Friday, March 28, 2008

Matthew 8:1-17 - Restoring Community

KNU International English Church

March 30, 2008

Josh Broward

I am a reject. I am an outcast. I am an exile.

When I was growing up, I was never one of the popular kids. I was always a little awkward socially, and I was overweight.

I remember one time in the 5th grade when our school was having a carnival. Some of the kids in my class got into a water fight near the dunking booth. I had a crush on a girl in my class, so I did what most boys do in 5th grade who like a girl – I attacked. I poured a big bucket of water on her head. She shrieked and laughed and turned to run after me – which is, of course, exactly what I wanted. I got the impression that she actually liked getting soaked in water and might actually like me.

In true 5th grader style, I took the great courageous step of asking a friend to ask a friend to ask the girl if she liked me. I sent off my messenger. I watched him have a short meeting with the female messenger. Then, a group of giggling girls - armed with female intuition - smelled the drama in the air, and a flock of geese laughed and whispered their way into the girls’ bathroom.

After a minute or two, there was an explosion of girls going every which way, and one was making a B-line for us. She got a few meters away from me and said with snorts of laughter, “She said, ‘I wouldn’t go out with that fat slob!’” I was left to skulk away on my own, knowing that this story would be retold countless times around the school.

When my family moved to Texas, I had a new experience. I was now also the minority. I was usually the only white kid on my school bus. This wouldn’t have bothered me if it hadn’t bothered the other kids so much. They seemed to feel like I was their opportunity to express all of their frustrations for the times when they were the minorities. I experienced a general sense of isolation along with some staring and name calling.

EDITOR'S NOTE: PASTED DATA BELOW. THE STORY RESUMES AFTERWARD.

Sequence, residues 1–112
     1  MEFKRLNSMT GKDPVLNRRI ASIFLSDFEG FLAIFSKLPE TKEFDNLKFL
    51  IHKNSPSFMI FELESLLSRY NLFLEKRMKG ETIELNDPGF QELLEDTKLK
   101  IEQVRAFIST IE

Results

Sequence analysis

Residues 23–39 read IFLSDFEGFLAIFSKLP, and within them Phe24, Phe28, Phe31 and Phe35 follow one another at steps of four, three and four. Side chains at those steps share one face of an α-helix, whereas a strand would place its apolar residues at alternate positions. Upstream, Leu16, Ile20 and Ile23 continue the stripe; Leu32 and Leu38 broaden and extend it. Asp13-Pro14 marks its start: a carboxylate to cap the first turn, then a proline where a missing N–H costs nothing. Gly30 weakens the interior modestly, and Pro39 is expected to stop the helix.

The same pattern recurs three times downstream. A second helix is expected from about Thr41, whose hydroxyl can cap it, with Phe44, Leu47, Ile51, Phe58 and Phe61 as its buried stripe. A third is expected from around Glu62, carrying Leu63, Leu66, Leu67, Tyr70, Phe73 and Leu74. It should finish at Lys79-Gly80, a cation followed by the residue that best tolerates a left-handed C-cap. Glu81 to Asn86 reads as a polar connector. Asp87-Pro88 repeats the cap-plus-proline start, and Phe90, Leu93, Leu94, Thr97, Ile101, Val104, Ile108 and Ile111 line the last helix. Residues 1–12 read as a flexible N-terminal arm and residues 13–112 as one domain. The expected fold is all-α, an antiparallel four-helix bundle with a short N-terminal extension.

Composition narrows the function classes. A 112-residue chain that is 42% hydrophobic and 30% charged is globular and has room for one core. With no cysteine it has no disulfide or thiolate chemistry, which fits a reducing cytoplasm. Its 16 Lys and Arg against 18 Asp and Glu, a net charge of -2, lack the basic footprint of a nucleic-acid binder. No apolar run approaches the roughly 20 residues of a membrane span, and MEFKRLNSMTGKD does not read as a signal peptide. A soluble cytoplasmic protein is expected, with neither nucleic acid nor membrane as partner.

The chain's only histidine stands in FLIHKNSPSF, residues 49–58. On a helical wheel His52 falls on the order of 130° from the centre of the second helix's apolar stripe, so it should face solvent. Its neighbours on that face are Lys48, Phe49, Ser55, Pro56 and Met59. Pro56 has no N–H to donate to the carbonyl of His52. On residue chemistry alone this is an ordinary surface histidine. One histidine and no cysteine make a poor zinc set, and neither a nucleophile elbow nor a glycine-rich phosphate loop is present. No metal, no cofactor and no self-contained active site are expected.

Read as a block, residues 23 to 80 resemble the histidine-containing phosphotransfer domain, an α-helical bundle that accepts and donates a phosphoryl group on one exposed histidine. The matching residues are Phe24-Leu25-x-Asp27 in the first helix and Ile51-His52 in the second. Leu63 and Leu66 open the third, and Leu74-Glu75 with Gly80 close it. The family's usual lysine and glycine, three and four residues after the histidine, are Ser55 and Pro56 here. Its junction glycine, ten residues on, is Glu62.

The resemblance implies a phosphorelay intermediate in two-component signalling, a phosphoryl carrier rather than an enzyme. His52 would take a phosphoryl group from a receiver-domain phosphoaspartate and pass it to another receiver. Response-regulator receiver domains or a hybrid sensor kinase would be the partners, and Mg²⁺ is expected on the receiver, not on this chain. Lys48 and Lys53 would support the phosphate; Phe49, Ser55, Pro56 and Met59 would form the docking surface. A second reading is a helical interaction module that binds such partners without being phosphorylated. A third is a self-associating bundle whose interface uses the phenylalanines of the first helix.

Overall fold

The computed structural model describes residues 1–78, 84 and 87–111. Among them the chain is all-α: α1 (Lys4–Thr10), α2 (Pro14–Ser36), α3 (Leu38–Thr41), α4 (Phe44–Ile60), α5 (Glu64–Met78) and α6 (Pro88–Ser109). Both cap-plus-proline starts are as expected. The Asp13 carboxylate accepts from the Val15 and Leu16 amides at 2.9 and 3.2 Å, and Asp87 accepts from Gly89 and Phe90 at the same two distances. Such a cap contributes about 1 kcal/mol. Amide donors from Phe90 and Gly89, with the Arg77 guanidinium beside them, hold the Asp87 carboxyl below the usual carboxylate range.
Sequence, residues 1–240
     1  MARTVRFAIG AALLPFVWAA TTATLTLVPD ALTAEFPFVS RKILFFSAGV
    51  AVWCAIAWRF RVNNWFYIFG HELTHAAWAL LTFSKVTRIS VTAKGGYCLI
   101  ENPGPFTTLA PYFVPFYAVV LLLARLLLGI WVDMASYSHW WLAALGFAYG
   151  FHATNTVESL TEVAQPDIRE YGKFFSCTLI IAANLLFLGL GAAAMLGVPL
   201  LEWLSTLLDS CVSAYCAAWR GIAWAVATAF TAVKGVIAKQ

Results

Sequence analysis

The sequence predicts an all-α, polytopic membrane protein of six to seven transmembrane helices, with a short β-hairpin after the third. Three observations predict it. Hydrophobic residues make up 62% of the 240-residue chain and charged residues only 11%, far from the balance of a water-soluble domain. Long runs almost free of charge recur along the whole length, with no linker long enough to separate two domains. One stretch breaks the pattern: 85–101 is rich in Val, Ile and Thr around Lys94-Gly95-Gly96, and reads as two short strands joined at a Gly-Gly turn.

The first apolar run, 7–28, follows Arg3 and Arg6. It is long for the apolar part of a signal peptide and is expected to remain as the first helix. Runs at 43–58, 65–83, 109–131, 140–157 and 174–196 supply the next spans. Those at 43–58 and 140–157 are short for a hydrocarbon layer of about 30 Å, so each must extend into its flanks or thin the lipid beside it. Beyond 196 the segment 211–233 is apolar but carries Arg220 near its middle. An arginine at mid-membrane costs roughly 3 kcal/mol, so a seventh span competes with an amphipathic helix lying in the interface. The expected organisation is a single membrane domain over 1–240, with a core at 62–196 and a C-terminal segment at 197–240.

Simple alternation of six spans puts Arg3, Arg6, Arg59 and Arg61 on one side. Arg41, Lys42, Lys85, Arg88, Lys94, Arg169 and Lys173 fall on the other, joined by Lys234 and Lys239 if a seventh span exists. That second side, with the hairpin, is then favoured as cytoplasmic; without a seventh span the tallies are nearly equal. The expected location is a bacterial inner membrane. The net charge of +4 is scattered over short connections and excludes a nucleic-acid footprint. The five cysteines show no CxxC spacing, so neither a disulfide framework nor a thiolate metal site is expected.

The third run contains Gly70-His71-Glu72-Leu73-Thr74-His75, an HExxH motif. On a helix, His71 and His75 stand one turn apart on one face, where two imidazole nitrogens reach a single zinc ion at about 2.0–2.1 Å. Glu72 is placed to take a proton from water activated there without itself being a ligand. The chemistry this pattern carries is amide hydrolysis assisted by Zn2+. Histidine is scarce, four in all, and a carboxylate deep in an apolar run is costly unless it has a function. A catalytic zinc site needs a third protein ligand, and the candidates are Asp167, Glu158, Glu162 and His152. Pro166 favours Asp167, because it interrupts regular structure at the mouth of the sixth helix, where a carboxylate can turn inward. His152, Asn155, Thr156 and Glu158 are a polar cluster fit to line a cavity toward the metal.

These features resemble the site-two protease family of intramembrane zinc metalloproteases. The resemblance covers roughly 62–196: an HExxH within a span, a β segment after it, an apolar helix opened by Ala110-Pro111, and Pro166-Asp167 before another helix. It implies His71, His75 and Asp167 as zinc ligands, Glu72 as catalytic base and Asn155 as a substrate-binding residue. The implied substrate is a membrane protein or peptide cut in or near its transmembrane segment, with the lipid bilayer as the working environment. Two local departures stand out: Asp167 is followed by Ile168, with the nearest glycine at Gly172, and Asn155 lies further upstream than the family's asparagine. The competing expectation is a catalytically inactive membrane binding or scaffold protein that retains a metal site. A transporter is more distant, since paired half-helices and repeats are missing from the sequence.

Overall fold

Once, the community tough guy started a fight with me – simply because I was white. When we were fighting, I was surprised to find that other people on the bus were also hitting me – taking their cheap shots while I wasn’t looking.

Often, when I got off the bus at my bus stop, the kids would look out the window and shout racial slurs at me. Sometimes they would spit at me as the bus pulled away. I learned to walk quickly to get out of spitting range.

Most of my childhood and early adolescence was a longer replay of these basic scripts, usually with much less drama. All of this caused me some problems with my identity as I was growing up. It might have sent me into a depression – as I have seen happen many times. I might have become a racist – as several of my classmates in the “Deep South” were.

But something saved me. As a young teenager, I became a Christian. God’s love for me began to override my peers’ rejection of me. But just as importantly, I experienced love and acceptance and community through the Church. Through my church and other churches in our area, I developed beautiful relationships with people with every color of skin. In a very real way, God saved me and healed me – through the church.

For the past two months, we’ve been studying Jesus’ Sermon on the Mount. This is Jesus’ most famous teaching. He is explaining the way of the Kingdom, and he calls his followers to live in radically different ways in the world: loving our enemies, showing mercy, speaking with humility, keeping our promises, trusting God, and not worrying about money. Jesus summarizes all of this in one simple sentence: “Do to others whatever you would like them to do to you” (Matthew 7:12).